First Among Equals
Data driven Politics
The US Presidential election has the highest of stakes. And it is no wonder that technology plays an integral part in the game. Social data was billed as the winner of the 2008 and 2012 presidential elections when Barack Obama’s campaign team used social media data analytics to influence the voters. In 2016 the question has changed from, “Will Big data disrupt the elections?” to “How much will Big data disrupt the elections”.
In the 2008 Democratic campaign, Dan Wagner, an expert in econometric forecasting, handled data analysis for the State voter files. Throughout the primaries he gathered State voter data and used statistical modeling to sort the electorate. This MIT study details how each voter in the country was assigned a pair of scores, one based on the probability that the voter would cast a vote and two, that the vote would support Obama. The data to generate the score was gathered through traditional survey interviews, past voter registration records, consumer data warehouses, and past campaign contacts. There were as many as 1000 data variables for each voter. The data was used to create micro target segments where volunteers could have scripted conversations with targeted set of voters. Obama’s campaign was also extremely agile. They quickly fed back into the system their learning to update the model and have even more meaningful conversations with the next set of voters. In comparison McCain’s campaign ran the statistical model only once and the changing dynamics of the voters were not considered for course correction. The Democratic campaign data team put Obama in the White House by knowing at an atomic level each of the 69,456,897 Americans that voted for him.
Just 2 years later in the 2010 midterm elections the Democratic party suffered some of the biggest losses since the great depression leading to one of the largest seat changes and control of the U.S. House of Representatives passing to the Republican party. Interestingly Dan Wagner had predicted these results 5 months before the midterm polls. He achieved this by using technology to track public opinion, and identifying the sample that could be extrapolated to represent the whole.
Smarting from the 2010 losses, the 2012 reelection campaign had a dual agenda. Get the voters that voted in 2008 to vote for Obama again and mobilize new voters for any voters that had defected. They experimented with the messaging and the targeted audience to find what message resonated with which micro-sector. Way before the term was associated with data and analytics, the campaign team leveraged ‘extreme personalization’. Individual behavioral analytics based on interests, passions, affiliations, opinions, and demographics. As an example consider this ad advocating equal-pay for women. This was used to win over Republican women voters who were at odds with their party on gender concerns.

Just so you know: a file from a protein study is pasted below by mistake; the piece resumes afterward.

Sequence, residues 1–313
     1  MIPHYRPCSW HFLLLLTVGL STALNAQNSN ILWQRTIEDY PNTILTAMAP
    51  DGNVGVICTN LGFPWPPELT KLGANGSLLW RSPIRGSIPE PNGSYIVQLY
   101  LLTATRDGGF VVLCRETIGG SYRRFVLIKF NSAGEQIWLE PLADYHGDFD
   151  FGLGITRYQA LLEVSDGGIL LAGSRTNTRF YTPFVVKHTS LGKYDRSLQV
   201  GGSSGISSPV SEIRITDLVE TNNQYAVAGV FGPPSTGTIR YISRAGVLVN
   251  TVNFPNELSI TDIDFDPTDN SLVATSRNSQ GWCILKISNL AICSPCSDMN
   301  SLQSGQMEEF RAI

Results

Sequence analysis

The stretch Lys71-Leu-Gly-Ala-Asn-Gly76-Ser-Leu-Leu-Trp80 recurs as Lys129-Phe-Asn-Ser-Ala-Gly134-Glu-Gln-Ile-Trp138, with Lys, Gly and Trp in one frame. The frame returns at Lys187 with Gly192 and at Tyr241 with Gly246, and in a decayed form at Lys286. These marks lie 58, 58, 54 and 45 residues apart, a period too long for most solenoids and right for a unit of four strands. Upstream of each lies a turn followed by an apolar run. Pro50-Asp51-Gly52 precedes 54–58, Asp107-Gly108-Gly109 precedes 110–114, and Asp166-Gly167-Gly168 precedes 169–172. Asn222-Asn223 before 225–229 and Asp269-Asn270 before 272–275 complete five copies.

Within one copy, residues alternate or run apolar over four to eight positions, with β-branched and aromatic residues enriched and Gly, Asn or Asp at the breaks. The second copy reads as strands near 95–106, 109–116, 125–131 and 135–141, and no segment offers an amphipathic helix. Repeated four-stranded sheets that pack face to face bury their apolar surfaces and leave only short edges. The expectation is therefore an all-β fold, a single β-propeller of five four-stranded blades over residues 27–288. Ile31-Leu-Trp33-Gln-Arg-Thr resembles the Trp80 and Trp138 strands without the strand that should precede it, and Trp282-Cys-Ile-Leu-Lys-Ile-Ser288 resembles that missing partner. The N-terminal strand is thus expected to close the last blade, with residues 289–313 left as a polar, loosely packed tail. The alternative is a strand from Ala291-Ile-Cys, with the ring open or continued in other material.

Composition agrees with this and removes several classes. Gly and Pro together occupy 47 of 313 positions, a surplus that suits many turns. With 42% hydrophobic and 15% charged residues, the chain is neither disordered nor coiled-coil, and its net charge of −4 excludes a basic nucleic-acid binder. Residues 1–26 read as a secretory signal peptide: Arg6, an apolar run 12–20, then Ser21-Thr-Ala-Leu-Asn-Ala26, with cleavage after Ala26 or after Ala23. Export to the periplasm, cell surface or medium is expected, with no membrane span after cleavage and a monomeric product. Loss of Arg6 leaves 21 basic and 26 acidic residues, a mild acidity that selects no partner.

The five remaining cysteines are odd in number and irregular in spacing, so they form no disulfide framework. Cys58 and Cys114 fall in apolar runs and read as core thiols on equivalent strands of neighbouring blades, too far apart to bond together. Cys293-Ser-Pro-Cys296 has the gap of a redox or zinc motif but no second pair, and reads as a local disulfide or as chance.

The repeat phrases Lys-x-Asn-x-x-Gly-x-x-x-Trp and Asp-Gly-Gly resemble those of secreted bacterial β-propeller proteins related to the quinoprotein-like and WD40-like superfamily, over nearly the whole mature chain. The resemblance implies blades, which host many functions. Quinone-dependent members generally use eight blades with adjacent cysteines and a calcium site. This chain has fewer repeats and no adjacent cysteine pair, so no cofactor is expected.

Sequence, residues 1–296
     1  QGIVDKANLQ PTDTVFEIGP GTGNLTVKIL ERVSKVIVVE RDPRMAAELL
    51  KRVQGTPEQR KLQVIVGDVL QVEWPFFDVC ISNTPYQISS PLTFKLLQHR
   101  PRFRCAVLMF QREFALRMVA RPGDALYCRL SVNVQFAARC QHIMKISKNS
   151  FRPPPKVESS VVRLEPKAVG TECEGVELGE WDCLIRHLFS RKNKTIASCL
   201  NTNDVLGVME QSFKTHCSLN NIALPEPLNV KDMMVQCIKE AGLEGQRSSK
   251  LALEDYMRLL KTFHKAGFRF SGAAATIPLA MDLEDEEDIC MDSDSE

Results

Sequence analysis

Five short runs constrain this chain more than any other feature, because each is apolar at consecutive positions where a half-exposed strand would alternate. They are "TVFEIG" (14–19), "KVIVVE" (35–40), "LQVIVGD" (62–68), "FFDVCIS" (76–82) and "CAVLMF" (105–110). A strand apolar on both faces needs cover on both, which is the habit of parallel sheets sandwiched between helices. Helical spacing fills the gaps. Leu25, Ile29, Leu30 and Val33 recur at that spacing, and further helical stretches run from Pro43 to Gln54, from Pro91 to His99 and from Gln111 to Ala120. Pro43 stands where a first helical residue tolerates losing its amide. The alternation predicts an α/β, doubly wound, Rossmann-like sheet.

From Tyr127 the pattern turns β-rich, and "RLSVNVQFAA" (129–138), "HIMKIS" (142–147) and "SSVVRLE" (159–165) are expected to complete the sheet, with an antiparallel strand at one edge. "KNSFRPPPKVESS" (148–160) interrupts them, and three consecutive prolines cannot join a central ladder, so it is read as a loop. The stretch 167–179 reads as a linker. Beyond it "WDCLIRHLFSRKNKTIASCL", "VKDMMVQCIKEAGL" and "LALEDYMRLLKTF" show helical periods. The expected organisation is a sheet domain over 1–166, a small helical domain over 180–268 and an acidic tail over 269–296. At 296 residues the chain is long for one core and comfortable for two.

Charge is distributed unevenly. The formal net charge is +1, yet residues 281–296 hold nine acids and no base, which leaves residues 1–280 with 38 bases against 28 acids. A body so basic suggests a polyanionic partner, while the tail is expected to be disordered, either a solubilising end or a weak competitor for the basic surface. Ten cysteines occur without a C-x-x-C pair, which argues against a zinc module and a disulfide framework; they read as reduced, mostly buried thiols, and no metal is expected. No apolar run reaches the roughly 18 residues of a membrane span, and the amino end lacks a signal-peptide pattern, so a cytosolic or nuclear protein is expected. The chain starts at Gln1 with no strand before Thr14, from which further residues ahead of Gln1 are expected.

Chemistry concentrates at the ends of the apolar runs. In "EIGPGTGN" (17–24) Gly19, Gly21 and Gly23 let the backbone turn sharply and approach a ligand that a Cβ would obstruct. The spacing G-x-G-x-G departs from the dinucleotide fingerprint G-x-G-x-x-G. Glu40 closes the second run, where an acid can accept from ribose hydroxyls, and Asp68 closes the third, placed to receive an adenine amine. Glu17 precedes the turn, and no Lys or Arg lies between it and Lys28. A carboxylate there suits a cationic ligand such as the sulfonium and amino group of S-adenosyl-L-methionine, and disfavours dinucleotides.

Fun fact – Campaign donors that described their occupation as data and analytics were sent invitations to apply for work in Wagner’s analytics department for the 2012 Democratic campaign.
Cut to 2016, the election cycle is heating up. For each campaign, digital is the secret sauce, and each campaign is keeping their data strategy a closely guarded secret. However I see the same challenges and opportunities that are being faced by traditional Enterprises presenting themselves to politics. Just replace customers with voters.
The primary goal of every campaign is to identify, connect with and engage voters. Campaign movers and shakers are focused on finding reliable and consumable data from multiple sources, unifying it, and gathering real-time and actionable information to influence voters. In 2008 this voter engagement model was ‘reactive communication’. 2012 it evolved to being ‘proactive and targeted’. 2016 the voters are empowered and the engagement model demands ‘collaboration’. Till 2012 the campaign messages were organized and controlled. Powerful people owned the message and controlled it through TV and radio. Now, Internet and social media have transferred control to the streets. Anyone can post a message and that can influence millions. The establishment has limited control and is trying to use digital technologies to get insights on what happened, why and how to prevent or facilitate it.
They also have to contend with restricted campaign budgets. Even the campaigns with deep pockets seem to be using more COTS (commercial off the shelf) software and cost effective cloud computing based software to get more bang for the buck. The Ben Carson campaign, that recently ended, used HubSpot to maximize their outreach and web presence while leveraging existing APIs to lower costs. Similarly Hillary Clinton leveraged salesforce.com to acquire voters in the same way that businesses acquire customers.
Early on in the buildup to the campaign, most teams tied up with third party voter database companies like L2, Aristotle, or GOP Data Trust. And started leveraging targeting products like Targeted Victory, Cambridge Analytica, or Deep Root Analytics to analyze the data. As per this FastCompany article the Cruz campaign has the most sophisticated data strategy. In addition to the Data team, the analytics solutions and the micro-segmentation they even have a gamification app to gamify support for the #cruzmissile.
And just when all the campaigns seemed equally tech savvy one candidate is bucking the trend or trumping the bend. The Trump campaign did not include data till as late as October of 2015 and even today is way behind in leveraging data as compared to the competition. Does the campaign believe that his brand value and product are so compelling that they can afford to under-invest in analytics?
Time and data will tell!
Image Credits: http://www.princeton.edu/